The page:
Living somewhere cold can be really beautiful; winter vistas of snow and frozen lakes come to mind, but actually it can also come with a lot of issues. If you’re new to a cold area, hopefully these points will help you to deal with some of the problems that can arise.
- Household problems
When you’re living in a cold climate, this can come with a whole host of issues for you and your house – especially if you’re living in an old house. As lovely as these old buildings are, they can be problematic especially in the winter months and you may find yourself contending with drafty windows and doors and even frozen pipes. It’s important to get ahead of these issues, and in the warmer months look into sealing up those drafty holes and discussing the best pipe insulation solutions – sometimes, something as simple as wrapping a foam tube around them can do the trick!
Depending on where you live, the wildlife will obviously vary greatly – but as the climate changes and weather patterns become less reliable, some creatures and plants will find their usual routines disrupted. Keep an eye out for any furry friends who might be in trouble and be prepared to call a local animal rescue centre – and additionally regularly inspect for animals who may try to make a warm home out of your crawl or roof space.
- Access issues
Especially if you live in rural areas, access can become an issue in the colder months as roads become too muddy or icy to pass easily, even in a good vehicle. If you know this is going to be an issue for you – or even your community more widely, – why not consider hiring access equipment from a company such as Northern Mat to ensure you stay connected and accessible throughout the cold weather. Additionally to helping you to travel, using such equipment can also provide protection to the ground so it isn’t as damaged by the harsh weather or the impact of struggling vehicles when the warm weather comes back around.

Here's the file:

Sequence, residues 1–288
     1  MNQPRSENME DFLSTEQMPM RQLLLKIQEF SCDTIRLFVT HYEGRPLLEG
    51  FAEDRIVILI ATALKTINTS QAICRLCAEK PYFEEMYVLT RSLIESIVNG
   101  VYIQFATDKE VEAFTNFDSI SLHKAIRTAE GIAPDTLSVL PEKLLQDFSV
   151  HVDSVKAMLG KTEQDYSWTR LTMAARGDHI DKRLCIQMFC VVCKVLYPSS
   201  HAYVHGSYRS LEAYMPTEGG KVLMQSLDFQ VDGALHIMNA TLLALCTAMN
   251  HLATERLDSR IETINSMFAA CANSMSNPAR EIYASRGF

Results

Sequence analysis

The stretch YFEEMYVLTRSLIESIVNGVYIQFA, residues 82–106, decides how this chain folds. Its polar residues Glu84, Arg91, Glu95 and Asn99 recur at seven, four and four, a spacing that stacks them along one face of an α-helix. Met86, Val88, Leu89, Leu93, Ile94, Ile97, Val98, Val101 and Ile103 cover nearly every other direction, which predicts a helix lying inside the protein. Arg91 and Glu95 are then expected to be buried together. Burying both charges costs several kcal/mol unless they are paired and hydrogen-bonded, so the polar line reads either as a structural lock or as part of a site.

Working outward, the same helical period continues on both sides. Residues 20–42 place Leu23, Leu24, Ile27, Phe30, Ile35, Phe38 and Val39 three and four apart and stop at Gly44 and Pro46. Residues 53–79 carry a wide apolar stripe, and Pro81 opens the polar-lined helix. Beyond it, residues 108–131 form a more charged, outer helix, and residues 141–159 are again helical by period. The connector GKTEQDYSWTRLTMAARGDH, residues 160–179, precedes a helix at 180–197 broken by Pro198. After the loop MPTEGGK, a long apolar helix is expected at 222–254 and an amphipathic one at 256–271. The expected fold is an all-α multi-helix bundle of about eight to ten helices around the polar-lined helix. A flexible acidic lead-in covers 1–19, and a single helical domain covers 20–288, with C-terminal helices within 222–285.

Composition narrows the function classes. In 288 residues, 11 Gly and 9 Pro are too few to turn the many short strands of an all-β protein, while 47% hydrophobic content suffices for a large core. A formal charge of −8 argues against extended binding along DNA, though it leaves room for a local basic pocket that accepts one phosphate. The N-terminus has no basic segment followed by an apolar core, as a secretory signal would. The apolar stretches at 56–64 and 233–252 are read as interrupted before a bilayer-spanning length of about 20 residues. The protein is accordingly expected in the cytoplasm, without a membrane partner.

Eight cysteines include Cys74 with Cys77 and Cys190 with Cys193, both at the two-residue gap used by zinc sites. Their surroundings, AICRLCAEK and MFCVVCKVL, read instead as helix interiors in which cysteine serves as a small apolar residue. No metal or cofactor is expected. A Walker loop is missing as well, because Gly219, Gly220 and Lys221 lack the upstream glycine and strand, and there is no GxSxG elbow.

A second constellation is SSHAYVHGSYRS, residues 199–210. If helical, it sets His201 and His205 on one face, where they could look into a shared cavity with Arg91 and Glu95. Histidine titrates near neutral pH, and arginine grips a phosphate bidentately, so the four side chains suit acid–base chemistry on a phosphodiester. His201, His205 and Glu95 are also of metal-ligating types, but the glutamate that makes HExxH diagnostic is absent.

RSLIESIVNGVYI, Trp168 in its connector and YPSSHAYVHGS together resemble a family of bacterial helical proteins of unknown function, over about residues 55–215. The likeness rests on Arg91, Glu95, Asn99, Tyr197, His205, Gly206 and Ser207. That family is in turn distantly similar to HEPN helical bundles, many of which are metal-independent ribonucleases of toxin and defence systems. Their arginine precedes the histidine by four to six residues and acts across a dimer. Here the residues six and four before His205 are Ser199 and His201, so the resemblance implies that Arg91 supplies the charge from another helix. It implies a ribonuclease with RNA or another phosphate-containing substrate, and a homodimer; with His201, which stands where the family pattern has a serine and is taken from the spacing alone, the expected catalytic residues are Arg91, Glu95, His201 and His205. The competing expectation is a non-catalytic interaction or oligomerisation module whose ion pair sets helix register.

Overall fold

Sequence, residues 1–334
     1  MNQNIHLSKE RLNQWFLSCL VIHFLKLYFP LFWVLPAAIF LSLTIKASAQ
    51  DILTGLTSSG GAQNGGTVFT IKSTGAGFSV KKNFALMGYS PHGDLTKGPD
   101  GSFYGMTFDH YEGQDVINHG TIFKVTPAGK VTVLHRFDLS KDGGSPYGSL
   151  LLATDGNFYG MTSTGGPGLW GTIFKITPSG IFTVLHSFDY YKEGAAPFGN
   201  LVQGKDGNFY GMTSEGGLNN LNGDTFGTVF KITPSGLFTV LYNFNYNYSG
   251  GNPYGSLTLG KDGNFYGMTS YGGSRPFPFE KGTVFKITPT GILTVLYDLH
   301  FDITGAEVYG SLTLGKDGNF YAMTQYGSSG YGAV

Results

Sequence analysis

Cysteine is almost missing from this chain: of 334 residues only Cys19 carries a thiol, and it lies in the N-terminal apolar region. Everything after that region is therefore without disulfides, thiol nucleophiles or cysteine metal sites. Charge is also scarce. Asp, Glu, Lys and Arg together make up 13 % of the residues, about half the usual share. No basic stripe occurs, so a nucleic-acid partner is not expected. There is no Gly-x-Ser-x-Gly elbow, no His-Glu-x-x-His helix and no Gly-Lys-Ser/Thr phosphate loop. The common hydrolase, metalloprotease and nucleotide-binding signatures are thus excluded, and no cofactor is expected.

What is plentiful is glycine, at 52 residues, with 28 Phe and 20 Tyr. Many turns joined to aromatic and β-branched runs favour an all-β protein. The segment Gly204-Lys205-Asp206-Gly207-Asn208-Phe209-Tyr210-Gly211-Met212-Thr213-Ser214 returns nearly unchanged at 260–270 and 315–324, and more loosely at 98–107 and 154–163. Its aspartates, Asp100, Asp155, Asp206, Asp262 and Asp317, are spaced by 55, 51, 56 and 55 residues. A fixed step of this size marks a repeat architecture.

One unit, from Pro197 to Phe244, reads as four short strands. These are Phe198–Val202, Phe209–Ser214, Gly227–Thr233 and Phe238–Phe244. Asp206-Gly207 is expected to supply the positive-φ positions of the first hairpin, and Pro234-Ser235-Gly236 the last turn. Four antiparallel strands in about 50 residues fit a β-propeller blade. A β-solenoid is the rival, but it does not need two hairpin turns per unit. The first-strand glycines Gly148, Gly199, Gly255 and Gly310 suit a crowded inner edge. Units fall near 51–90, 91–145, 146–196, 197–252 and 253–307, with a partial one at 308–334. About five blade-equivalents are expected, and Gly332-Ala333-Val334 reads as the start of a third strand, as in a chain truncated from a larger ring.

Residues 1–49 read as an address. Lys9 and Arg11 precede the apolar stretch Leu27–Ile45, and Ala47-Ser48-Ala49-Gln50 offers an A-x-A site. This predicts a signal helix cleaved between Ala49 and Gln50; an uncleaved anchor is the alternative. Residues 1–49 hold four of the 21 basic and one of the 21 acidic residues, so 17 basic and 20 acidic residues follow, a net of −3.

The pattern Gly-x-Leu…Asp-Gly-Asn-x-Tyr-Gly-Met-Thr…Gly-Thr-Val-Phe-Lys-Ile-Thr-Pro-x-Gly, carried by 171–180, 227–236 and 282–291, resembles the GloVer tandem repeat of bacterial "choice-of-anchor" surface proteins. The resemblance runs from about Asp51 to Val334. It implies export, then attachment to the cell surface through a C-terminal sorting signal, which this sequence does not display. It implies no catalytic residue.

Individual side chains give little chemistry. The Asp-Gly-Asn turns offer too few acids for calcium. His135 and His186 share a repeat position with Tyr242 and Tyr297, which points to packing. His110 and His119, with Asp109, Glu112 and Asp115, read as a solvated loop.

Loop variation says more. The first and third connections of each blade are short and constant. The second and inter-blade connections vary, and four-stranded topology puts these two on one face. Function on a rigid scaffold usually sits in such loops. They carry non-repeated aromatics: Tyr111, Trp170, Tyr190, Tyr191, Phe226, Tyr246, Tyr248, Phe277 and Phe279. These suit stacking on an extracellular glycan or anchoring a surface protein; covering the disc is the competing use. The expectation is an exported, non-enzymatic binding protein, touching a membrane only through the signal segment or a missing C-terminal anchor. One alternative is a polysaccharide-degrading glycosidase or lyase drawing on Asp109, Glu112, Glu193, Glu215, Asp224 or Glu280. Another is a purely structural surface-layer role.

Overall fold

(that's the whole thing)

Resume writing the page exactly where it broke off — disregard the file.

Your houseplants are probably pretty safe; even though the internal temperature does drop during cold months, it’s unlikely any of them will struggle with succumb to the conditions. However, if you have any treasured garden pot plants it is certainly a good idea to bring them inside for the winter months – otherwise you will find yourself with some very unwell or probably dead plants come spring. Though some plants are hardy, many aren’t built to withstand a significantly changing environment and the best thing to do to keep them healthy is to care for them indoors or in a greenhouse over winter.
Most animals have a fairly good sense of what they can and cannot handle weather wise, so you shouldn’t have to worry too much about keeping cats and dogs inside as they will do it themselves. However, it is more important than ever to ensure they are well fed and that their night time location is kept warm – and especially with dogs, investing in little boots or jumpers and keeping walks shorter than the summer months will ensure the cold weather doesn’t harm them.
Cold winters can be really painful and troublesome, but hopefully these suggestions will help you weather them a little more easily.